Modern Languages and Literatures, Department of


First Advisor

Paul Schach

Date of this Version



A DISSERTATION Presented to the Faculty of The Graduate College in the University of Nebraska In Partial Fulfillment of Requirements For the Degree of Doctor of Philosophy, Department of Modern Languages and Literatures, Under the Supervision of Professor Paul Schach. Lincoln, Nebraska: May, 1973

Copyright 1973 Duane Victor Keilstrup



Concerning current research to 1973 in the Old Norse sagas generally, R. G. Cook suggests that scholars turn more of their attention to the finished product, that is, a return to Grimm’s principle of "die Andacht zum Text," and to a responsible historical criticism which is also responsive to the artistic integrity of the text. He thus believes that we should read the sagas as works of art by concentrating on what we find in them and not so much where and when they might have originated, as scholars in this field have tended to do. Hence, it is in the spirit of Cook’s suggestion that we approach our research.


It is our purpose in this study to explore the Islendingasogur for salient forms of contrast and to determine, as far as possible, their functions. Our method will be to survey carefully the entire corpus of the Sagas of Icelanders, including Old Norse short stories, for occurrences of contrast, with special emphasis on the points of contrast between characters. Then, a selective gathering of the more significant types of contrast will be presented and discussed. In order to keep the Islendingasogur in perspective, the entire procedure will be carried out with Snorri Sturluson’s Heimskringla, and we shall make appropriate comparisons with Heimskringla throughout the text.

In our discussion Chapter I will include some of the outstanding contrasts between kinsmen. Chapter II will present some of the intriguing contrasts which involve heroes and villains. Chapter III will entail a number of stylistic contrasts. Finally, Chapter IV will offer a brief summary and some conclusions based on our findings.

We then ultimately come to a consideration of questions as to whether the society depicted by the sagas actually reflects the spirit of the Saga Age or whether the authors introduced values into this society which reflect values from the thirteenth century when the sagas were written. In other words, does the spirit of reconciliation in several sagas derive from an ideal of moderation older than Christianity? Or is this spirit of reconciliation a reflection of Christianity's concepts of mercy and forgiveness which the Christian authors introduced as an alternative to the endless chain of vengeance? The answer to these questions could explain why saga heroes like Blund-Ketill and Njall, in an Age in which honor and reputation were foremost, sacrifice their honor, reputation, and even their lives without even one gesture of resistance.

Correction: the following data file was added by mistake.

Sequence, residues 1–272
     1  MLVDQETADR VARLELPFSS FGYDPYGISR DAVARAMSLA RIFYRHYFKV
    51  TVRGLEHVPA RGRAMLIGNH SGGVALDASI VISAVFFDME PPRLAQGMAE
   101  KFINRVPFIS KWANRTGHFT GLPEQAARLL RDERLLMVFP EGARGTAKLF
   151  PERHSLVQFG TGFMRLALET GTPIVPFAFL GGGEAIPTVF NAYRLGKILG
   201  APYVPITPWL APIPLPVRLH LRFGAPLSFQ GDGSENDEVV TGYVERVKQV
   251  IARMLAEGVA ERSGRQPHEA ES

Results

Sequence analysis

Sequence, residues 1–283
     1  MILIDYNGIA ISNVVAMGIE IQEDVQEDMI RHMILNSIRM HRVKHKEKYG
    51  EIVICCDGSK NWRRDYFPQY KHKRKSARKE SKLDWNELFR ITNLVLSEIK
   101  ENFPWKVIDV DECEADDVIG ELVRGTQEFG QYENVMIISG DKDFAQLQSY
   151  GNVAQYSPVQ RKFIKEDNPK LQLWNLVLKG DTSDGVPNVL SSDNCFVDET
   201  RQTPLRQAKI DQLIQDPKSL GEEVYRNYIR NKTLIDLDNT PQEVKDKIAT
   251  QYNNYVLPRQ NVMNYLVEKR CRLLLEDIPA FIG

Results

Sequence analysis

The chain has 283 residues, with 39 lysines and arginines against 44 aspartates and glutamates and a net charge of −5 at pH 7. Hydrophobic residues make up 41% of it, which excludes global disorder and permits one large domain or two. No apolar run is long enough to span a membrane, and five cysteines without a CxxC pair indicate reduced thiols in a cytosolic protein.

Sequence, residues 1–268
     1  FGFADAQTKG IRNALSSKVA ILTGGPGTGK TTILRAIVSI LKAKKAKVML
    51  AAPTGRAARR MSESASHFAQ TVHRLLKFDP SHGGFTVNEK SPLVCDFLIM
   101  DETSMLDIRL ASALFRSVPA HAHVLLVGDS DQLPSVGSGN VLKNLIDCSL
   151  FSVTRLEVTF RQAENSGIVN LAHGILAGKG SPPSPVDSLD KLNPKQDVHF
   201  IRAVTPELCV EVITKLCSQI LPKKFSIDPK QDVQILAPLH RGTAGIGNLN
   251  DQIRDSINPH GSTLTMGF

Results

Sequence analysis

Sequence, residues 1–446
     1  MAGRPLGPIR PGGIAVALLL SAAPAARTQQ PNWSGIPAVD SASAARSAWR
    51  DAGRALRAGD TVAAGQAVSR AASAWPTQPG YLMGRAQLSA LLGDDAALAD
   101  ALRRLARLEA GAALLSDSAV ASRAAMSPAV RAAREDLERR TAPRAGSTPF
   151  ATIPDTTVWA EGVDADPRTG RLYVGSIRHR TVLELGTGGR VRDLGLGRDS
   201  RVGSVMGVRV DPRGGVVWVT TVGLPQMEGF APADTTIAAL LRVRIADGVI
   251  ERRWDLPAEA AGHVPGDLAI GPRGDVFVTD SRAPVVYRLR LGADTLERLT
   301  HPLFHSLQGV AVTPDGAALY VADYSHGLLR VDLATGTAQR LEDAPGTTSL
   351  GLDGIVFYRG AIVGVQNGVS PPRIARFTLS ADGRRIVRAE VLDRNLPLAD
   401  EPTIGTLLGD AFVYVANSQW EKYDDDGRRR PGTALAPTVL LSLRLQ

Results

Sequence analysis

The evidence of this study reveals that the authors of the Sagas of Icelanders created characters who collectively by contrasts indeed reflected a new value system; so, too, the authors subtly, but deliberately, intruded into the celebrated objectivity of their tales to create the maximum credibility and effectiveness for the events which they related, especially through supernatural happenings and dreams.

Further revealing the craft of subjective authorship is a form of contrast involving the use of language and the manner of narration: the clear contrast between regularly alternating units of violence and units of description during scenes of conflict.

While we have been able to discuss only a small fraction of the vast number of contrasts which we have carefully recorded from the Islendingasogur, we have, as far as the present study is concerned, focused some of the outstanding forms of contrasts, especially those concerning character and conflict.

Our findings suggest that the writers of the Sagas of Icelanders perceived and artistically exploited the fundamental truth: "Der Gegensatz gehoert zum Menschendasein/Um uns mit allen Wesen zu verbinden/Und ihres Wesens teilhaft zu machen." — Leopold Schefer, Laienbrevier (Leipzig, 1834), p. 47.